This post is probably very late, but I come to mourn the loss of a local gaming store. I didn’t visit it often, and I didn’t appreciate it until it was gone, but I lament all of that and more.
The store in question had been around for 54 years, through two different owners, and it was a shame that it is gone. They weren’t doing terribly; the rent was increased. You may or may not believe in gentrification, but I’m sure that it will be replaced by some boutique or sickeningly expensive restaurant that will pay the consistently rising rent costs.
I made sure to go and tell them that I was sad to see them and the store go, once I had found out. I asked if they were opening anywhere else.
They are not.
But rather than to go on some rant about rent gouging or cultural non-appreciation, I’ll only say this; you may have an internet full of people to meet and games to buy, but you can’t replace a gaming store as a communal hub.
There are other places that sell hobby games, and another one just opened up, but that is not the point. I feel a keen loss at the demise of an establishment; what we have lost is not fungible*. Rather, it is a cumulatively important piece of the local gaming culture and history. These are not things that you can trade for a clean new store with attached coffee bar, or at least not until the place gets grungy and has been established for a few decades**.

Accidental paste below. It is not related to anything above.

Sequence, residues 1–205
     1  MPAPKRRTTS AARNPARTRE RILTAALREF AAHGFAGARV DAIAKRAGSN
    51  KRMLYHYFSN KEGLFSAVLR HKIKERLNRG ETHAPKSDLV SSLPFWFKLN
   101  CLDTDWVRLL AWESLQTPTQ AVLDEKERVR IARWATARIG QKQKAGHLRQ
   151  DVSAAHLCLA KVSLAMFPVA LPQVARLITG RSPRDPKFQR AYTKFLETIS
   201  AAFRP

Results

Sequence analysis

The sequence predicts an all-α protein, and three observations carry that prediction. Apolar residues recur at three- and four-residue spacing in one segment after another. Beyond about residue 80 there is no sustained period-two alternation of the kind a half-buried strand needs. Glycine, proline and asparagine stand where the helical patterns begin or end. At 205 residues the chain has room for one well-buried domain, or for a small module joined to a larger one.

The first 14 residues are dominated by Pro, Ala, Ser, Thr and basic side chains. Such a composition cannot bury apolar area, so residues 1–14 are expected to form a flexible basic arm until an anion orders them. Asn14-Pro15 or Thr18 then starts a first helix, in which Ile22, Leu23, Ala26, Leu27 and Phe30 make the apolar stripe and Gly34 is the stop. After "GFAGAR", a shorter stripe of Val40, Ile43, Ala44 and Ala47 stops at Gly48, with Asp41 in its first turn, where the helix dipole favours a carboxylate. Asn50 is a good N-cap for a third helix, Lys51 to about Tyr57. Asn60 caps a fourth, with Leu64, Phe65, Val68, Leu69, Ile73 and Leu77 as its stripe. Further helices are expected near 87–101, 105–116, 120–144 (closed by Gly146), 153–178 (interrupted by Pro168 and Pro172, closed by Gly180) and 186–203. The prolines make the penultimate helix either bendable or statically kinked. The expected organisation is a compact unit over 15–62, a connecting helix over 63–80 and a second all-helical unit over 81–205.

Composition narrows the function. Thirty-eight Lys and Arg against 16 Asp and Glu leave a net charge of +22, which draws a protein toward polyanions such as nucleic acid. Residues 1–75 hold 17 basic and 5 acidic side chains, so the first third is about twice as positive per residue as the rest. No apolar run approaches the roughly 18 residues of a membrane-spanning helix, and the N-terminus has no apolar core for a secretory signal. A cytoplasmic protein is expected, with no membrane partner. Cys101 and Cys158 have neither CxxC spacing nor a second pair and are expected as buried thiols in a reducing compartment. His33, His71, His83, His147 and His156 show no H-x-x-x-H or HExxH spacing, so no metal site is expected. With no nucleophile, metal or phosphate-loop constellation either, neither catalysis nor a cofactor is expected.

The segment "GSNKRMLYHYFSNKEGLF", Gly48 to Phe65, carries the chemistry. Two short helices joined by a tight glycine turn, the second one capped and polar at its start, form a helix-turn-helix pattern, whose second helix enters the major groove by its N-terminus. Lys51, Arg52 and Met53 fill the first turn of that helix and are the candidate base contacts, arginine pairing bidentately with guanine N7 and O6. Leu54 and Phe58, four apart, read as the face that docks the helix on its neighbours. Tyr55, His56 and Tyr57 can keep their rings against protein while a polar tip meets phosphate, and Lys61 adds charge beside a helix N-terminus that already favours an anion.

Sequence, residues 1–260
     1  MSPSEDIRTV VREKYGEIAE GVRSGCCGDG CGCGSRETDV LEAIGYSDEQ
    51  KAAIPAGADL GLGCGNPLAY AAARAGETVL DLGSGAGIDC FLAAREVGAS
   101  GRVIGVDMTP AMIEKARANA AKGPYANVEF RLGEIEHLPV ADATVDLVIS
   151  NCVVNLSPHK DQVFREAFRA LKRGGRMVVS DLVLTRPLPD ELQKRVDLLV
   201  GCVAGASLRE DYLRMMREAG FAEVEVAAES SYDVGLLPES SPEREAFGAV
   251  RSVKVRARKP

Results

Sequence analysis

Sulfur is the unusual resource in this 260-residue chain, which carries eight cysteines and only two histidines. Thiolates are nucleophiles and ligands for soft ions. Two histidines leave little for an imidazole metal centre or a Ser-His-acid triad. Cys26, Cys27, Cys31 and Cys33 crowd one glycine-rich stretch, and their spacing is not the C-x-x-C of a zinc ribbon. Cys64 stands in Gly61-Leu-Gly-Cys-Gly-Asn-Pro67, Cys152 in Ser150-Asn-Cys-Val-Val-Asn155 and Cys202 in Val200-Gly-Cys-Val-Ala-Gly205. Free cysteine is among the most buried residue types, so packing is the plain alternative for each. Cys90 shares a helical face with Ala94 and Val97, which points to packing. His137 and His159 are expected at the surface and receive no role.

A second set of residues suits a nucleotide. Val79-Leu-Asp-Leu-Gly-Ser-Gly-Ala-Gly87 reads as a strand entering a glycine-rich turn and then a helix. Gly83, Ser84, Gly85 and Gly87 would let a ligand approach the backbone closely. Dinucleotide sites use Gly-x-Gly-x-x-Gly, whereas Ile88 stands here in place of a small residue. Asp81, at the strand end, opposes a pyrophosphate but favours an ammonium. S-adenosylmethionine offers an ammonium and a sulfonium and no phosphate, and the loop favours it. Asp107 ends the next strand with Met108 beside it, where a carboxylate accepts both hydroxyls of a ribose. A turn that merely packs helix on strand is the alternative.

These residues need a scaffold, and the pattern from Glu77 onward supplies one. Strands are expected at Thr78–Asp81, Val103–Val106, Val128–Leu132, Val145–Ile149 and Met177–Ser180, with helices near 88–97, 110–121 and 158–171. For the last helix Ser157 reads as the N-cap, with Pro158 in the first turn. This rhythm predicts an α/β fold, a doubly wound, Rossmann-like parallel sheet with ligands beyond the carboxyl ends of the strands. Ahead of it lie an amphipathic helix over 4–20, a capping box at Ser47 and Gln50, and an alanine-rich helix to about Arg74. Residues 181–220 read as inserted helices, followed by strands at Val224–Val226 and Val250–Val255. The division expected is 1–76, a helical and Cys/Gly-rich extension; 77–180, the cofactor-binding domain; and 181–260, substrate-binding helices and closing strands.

But I suppose that the main thrust of what I’m trying to say is that you have to appreciate what you have. Some of my favorite games are out of print. I’ll never see a new episode of Korgoth of Barbaria***. I’ll never drink a Josta**** again. Maybe this is just the airing of my nerdy lamentations, but there is something to be said about loss. Sometimes you create things that only a handful of people like, and that is as important as being critically received. Sometimes you are the person who loves a thing that is gone, and it feels equally important to preserve the memory of something that is worthy of reverence.
“I mean, they say you die twice. One time when you stop breathing and a second time, a bit later on, when somebody says your name for the last time.” -Banksy
* Fungible here is a word that means “not attainable by yuppies, millennials, or hipsters”
** You might say the same about a good hole in the wall restaurant.
*** Diedrich Bader is a great voice actor. More on that later.
**** There is some strange sub-culture of nerd that mourns discontinued soda. Weird, huh?